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Big data:  Useful tool or Pandora’s Box?

| Posted at 12:56 PM by ISACA News | Category: Privacy | Permalink | Email this Post | Comments (0)

Richard Chew, CISA, CISM, CGEIT, senior information security analyst at Emerald Management Group, helped develop ISACA’s new white paper, Privacy and Big Data. We chatted with him about the publication.


ISACA: Is big data “the new oil,” as dubbed by the World Economic Forum?

Richard: Yes, the value of information is better than oil if it satisfies several criteria:

·         Currency

·         Relevance

·         Consistency

·         Predictability

·         Value to the organization


ISACA: Why do some enterprises skip steps related to proper policies and frameworks in a rush to exploit the benefits of big data?

Richard: CIOs are always anxious to fulfill the desires of the board and senior management. It is a matter of survival instinct. Having been a CIO twice, I know the smart CIO harnesses the engagement of the board and senior management in a structured manner that resembles “governance” and seeks the use of internal resources who already know their organization and the goal of the data being mined. The question becomes “Make, buy or outsource?


In the original Big Data: Impacts and Benefits white paper, we took great pains to seek a path of partnering with a firm willing to train internal resources in phases. When the engagement is over, the organization is left with internal documentation and intellectual property. At each phase, an assessment can be done to determine what investment is right for the organization.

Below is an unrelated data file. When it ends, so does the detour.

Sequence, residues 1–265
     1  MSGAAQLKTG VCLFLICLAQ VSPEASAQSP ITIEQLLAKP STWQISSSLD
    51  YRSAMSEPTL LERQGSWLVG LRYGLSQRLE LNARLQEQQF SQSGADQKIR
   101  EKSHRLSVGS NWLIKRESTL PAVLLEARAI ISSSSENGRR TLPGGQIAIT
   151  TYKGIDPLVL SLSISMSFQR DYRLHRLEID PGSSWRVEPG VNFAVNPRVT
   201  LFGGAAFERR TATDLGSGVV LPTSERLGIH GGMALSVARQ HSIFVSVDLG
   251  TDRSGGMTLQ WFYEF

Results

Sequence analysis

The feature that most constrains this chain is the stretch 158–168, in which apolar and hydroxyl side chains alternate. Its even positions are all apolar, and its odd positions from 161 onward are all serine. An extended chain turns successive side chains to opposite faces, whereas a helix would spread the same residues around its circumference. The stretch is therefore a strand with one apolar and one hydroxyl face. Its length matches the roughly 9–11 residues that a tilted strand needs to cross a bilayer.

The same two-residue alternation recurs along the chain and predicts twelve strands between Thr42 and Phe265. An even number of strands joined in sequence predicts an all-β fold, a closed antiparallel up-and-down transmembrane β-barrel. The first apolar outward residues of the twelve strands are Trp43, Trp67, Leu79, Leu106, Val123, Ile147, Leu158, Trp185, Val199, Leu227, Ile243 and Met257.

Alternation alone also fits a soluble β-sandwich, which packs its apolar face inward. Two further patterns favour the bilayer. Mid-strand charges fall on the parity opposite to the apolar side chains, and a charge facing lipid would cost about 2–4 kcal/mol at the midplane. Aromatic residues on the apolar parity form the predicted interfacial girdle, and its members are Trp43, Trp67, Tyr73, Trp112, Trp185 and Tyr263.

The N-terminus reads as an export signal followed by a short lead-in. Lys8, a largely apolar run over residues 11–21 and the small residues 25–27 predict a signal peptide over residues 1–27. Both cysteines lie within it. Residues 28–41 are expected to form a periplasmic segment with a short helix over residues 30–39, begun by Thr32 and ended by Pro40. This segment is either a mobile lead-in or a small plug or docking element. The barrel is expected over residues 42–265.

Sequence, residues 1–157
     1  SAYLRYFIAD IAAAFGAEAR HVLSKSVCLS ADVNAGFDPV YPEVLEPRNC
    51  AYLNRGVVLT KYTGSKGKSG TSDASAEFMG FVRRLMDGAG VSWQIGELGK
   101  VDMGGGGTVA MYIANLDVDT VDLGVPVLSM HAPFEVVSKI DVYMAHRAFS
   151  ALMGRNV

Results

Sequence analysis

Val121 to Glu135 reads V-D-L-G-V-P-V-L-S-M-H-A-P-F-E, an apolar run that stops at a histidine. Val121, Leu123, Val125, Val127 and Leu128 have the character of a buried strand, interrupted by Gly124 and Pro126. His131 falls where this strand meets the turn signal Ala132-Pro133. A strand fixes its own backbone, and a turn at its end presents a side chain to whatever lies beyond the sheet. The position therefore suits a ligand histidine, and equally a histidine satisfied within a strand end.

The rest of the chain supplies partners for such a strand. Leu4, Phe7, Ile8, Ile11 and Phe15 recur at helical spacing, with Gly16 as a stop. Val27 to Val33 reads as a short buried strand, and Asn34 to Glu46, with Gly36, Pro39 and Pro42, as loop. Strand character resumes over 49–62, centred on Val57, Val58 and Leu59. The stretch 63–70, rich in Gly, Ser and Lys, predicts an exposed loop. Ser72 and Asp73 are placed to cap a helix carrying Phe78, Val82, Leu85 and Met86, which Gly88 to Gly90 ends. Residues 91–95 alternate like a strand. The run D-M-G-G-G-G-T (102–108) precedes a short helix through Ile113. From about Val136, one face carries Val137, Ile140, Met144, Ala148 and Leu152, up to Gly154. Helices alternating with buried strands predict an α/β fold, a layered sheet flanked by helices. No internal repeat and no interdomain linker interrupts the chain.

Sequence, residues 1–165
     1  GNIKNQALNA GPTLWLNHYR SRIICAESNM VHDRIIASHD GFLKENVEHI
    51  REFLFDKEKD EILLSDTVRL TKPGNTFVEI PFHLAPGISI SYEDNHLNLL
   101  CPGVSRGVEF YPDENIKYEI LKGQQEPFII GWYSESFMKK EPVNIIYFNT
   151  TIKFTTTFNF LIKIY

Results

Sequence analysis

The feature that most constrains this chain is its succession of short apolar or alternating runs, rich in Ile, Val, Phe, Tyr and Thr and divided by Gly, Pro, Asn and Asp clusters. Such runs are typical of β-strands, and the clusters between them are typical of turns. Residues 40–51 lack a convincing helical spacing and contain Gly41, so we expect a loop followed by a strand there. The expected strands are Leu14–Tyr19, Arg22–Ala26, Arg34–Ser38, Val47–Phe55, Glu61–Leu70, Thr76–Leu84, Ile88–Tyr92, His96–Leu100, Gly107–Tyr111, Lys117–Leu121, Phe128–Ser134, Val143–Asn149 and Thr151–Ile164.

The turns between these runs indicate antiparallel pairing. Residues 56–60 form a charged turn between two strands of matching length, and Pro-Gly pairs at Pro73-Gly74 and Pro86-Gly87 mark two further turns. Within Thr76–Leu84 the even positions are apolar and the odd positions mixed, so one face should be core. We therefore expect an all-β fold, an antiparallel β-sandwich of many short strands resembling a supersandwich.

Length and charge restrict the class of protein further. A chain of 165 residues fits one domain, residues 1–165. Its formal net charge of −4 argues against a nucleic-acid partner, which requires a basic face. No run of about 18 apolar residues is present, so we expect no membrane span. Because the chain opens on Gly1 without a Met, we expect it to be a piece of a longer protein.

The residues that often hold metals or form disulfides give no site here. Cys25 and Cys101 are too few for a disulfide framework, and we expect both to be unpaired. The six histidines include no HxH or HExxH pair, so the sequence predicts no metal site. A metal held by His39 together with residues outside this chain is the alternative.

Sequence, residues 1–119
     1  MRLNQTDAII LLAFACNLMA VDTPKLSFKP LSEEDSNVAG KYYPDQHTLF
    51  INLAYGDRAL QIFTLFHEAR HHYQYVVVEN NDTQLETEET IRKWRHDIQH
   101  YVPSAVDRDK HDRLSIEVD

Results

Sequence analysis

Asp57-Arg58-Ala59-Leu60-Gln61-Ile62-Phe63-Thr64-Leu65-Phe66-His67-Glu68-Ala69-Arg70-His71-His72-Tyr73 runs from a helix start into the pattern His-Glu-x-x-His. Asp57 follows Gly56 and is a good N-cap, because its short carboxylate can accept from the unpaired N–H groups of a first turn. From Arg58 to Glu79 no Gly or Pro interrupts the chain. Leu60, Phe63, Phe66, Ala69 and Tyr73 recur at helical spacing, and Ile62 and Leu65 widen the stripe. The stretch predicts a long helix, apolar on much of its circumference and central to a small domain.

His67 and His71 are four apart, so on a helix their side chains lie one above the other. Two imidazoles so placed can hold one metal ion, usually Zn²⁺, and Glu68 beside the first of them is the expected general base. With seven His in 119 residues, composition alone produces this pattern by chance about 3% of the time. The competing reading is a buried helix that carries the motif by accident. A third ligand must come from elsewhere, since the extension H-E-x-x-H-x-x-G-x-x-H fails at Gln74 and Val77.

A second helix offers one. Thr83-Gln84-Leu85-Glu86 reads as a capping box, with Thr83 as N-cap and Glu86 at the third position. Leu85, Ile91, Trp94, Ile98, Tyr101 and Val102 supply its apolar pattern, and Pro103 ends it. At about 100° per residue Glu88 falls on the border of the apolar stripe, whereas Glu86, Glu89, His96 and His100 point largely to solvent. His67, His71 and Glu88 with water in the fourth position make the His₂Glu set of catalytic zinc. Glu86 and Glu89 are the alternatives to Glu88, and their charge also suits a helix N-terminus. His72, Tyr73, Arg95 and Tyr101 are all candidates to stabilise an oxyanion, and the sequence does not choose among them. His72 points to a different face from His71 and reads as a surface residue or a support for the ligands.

ISACA: What is the key, overarching message in the Privacy and Big Data white paper?

Richard: Big data can be a useful enterprise tool or a Pandora’s Box of compliance and runaway investment. 


ISACA: You advise enterprises to ask whether they can trust their data sources. Why is that a critical question?

Richard: Garbage in is still garbage out. Data has to be filtered and tested. In the wrong hands, there is truth to the book, “How to Lie with Statistics.”


ISACA: You’re a proponent of COBIT 5. How does this framework enable optimization of big data?

Richard: Patents exist for various information technology techniques such as encryption, search algorithms, etc.  Frameworks such a COBIT exist in order to keep us from reinventing the wheel.  The beauty of COBIT is the ability to pick and choose what framework elements are appropriate to your organization. There is a tremendous amount of intellectual property invested in the development of COBIT framework elements. The joke—and truth—is to remember to avoid over-implementing COBIT to where the framework cripples an organization or its processes.


Learn more, download the free Privacy and Big Data white paper, and provide feedback on this document here.


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